The mayor is not the first politician to hide behind the warm embrace of religion, specifically the Black church, during times of trouble. When Governor Andrew M. Cuomo was investigated for sexual harassment, he visited a black church in Harlem with political leaders, and was often photographed with Latino and black members of the clergy.
“The demographic that supported Eric Adams, who is more centrist and moderate, is the people who go to church,” said the Rev. Al Sharpton, an ally of Adams. “That’s his base.”
But Mr. Adams leaned much more heavily on his religious background than most elected officials, especially Democrats.
“Do you want to see people get angry?” Mr Adams said on Sunday. “Tell them you believe in God. Want to expose the devil? Say ‘I believe in God and the devil is a liar’”.
At an interfaith prayer breakfast in February, he stood by comments from his top policy adviser, Ingrid P. Lewis-Martin, that his administration “does not believe” in the separation of church and state.
“Don’t tell me about no separation of church and state,” the mayor said to scattered applause. “State is the body. Church is the heart. You take the heart out of the body, the body dies.”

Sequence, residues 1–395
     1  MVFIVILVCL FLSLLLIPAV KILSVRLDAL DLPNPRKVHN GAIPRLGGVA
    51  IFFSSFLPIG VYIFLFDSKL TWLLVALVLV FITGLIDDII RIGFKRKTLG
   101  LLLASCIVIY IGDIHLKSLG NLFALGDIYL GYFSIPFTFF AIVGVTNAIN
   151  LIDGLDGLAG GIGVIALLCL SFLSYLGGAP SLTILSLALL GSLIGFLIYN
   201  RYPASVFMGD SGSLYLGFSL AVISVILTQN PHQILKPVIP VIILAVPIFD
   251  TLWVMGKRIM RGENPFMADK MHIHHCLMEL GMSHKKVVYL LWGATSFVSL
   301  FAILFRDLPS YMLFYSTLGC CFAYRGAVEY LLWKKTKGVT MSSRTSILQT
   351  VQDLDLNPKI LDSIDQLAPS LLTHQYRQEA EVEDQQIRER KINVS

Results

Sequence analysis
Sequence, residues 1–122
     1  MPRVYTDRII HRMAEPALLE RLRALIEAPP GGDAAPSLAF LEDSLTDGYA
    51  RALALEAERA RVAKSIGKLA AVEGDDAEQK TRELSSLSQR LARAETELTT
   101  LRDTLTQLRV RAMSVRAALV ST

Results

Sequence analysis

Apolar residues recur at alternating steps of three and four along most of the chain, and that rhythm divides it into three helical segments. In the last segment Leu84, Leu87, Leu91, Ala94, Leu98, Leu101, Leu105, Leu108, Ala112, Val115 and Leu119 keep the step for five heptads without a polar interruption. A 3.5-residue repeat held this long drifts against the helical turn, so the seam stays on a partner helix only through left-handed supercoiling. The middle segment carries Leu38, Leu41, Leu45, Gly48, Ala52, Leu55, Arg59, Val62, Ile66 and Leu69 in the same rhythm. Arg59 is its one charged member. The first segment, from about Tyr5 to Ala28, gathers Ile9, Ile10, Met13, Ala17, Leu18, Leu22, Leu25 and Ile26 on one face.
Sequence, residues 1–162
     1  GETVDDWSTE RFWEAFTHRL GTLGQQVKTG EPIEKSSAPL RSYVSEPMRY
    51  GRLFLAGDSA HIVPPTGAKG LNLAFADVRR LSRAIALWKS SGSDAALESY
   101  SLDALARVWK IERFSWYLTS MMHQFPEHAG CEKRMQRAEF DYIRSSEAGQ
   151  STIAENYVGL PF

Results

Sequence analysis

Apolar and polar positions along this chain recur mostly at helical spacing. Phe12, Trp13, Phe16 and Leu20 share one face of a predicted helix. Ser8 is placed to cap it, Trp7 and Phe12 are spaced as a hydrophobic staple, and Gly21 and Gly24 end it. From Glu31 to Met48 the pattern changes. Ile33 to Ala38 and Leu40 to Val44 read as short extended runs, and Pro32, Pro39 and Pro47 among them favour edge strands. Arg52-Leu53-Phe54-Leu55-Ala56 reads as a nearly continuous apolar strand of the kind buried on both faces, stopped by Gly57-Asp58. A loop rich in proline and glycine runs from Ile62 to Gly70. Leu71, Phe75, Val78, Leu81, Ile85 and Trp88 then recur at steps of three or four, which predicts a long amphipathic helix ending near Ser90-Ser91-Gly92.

In the same speech, the mayor also criticized the Supreme Court decision to remove required prayer in schools, saying it contributed to gun violence. And Mr. Adams said God told him three decades ago the exact date he would become mayor and told him to “talk about God.”
He also hired three people in his administration, including two in the Office of Faith-Based and Community Partnerships, who expressed opposition to gay marriage because of religious beliefs.
Norman Siegel, one of Mr. Adams’ informal advisers, and a former head of the New York Civil Liberties Union, said he was concerned about the mayor’s focus on religion.
“You are the mayor of the City of New York,” Mr. Siegel said. “You are the government. You shouldn’t do that.”
The Rev. Johnnie Green Jr., pastor of Mount Neboh Baptist Church in Harlem, considers himself a supporter of Mr. Adams. He said he did not agree with Mr. Adams’ views on the separation of church and state, but that he understood the mayor’s comments about faith informing his work as a politician.